According to the Special Inspector General for Afghanistan Reconstruction, “control or influence” of the central government dropped to 65.6 per cent by May 1 from 70.5 per cent a year before. The Taliban “controls, contests or influences” 171 of 400 Afghan districts, mostly in rural areas and superficial in others. They’ve not been able to take and hold provincial capitals.

    That’s the big picture and the Taliban take immense sustenance from it, as if their ascendancy is written in the stars. Because Afghanistan is where empires go to die. Except the Taliban are no more indomitable than invading empires, though they certainly are accommodating to vilified fanatical revolutionaries from Al Qaeda to, in its death throes, Daesh.

    So this is what the Taliban — via spokesperson Zabiullah Mujahid — had to say about President Donald Trump’s oratorical doubling down last week on U.S. recommitment to the wars in Afghanistan:

    “Donald Trump is just wasting American soldiers. We know how to defend our country. It will not change anything. . . . For generations, we have fought this war. We are not scared. We will continue this war until our last breath. If the U.S. does not pull all its troops out of Afghanistan, we will make this country the 21st century graveyard for the American empire.”

    The usual rhetoric, conveniently leaving out the part where the Taliban were routed from Afghanistan in the immediate aftermath of 9/11.

    “For now,” Mujahid continued, “I can tell you there was nothing new in his speech. It was very unclear.”

    On that point, at least, we are agreed.

    The finest minds in the Pentagon have not been able to figure out how to take the Taliban off the board for keeps, in what has become America’s longest war, though it would indisputably involve some kind of political reconciliation for the insurgents and right now they’re hardline not-in-the-mood. Yet even a child’s mind could grasp how foolishly — in his palpable reluctance — president Barack Obama waged the war during his two terms in the White House, even with his 2009 troop surge, virtually providing the Taliban with a timeline for troop reduction and eventual withdrawal.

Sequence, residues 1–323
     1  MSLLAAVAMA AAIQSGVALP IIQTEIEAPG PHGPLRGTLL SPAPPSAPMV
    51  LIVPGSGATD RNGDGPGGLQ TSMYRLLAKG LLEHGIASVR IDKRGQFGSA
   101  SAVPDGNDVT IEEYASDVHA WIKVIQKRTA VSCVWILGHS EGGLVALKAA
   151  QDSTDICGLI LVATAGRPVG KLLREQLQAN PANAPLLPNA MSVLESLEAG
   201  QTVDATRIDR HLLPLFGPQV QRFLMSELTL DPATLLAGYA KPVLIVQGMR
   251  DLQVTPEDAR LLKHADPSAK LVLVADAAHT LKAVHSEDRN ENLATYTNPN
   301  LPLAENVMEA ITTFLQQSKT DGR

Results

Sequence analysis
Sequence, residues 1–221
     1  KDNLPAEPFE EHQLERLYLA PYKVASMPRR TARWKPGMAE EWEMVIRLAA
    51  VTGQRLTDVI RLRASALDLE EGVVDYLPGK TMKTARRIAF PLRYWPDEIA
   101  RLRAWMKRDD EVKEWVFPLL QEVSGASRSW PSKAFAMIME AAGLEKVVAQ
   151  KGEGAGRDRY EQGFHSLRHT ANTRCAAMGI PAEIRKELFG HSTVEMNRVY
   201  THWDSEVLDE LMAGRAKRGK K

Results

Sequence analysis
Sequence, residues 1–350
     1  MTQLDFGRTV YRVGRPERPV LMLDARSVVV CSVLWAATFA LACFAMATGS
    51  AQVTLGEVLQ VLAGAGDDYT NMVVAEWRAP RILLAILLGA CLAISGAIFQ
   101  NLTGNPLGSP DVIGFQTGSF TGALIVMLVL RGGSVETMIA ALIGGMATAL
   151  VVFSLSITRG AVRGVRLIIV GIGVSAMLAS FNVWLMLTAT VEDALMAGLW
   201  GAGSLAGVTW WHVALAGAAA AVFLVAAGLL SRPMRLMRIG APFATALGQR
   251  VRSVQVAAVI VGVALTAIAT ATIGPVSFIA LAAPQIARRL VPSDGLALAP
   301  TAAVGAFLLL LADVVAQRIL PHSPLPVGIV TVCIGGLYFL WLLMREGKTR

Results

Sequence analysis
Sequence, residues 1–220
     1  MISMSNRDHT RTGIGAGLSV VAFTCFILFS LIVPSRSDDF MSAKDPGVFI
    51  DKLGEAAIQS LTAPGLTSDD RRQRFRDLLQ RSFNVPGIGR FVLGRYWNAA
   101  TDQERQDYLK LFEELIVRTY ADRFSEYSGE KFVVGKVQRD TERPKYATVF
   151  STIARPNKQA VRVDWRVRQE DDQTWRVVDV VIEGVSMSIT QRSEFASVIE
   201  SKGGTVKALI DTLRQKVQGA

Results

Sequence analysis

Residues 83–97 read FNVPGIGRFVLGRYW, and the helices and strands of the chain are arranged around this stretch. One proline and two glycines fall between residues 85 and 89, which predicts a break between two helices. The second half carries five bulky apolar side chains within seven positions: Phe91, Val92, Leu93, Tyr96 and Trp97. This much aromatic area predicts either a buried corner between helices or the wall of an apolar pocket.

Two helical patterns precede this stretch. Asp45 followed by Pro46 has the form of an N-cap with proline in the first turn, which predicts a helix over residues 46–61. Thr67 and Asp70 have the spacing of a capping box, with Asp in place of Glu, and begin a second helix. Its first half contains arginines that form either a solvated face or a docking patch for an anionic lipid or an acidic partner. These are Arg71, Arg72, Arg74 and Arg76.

In his speech last week, the otherwise incoherent and quite maddened Trump at least got this much right: “I’ve said it many times how counterproductive it is for the United States to announce in advance the dates we intend to begin, or end, military operations. We will not talk about numbers of troops or our plans for further military activities. Conditions on the ground — not arbitrary timetables — will guide our strategy from now on. America’s enemies must never know our plans or believe they can wait us out. I will not say when we are going to attack, but attack we will.”

    The thing is, it does not appear that the generals or the president have a clue about their plans either, beyond the 3,900 troops that will be added to the U.S. existing military presence of 8,500 U.S. service members, about half involved in training and mentoring Afghan defence forces and the other gunning for terrorists.

    Trump claimed the American objective in Afghanistan was not nation-building, which comes as jaw-dropping news, given the billions spent on aid to do precisely that.

    I don’t know what “principled realism” means. I don’t know what “our commitment is not unlimited” means. I don’t know what “we will not dictate to the Afghan people how to live or how to govern their own complex society” means, unless women are to be driven back into their cloistered homes, away from education, and beaten with a stick, as the Taliban did when they ruled Kabul.

    “We are killing terrorists,” Trump said.

    Except kill a Taliban fighter and another will replace him, maybe five more.

    “We want (Afghanistan) to succeed but we will no longer use American military might to construct democracies in faraway lands or try to rebuild other countries in our own image. Those days are now over.”

    Well, not in this America’s image, as she has presented herself over the past eight months or so.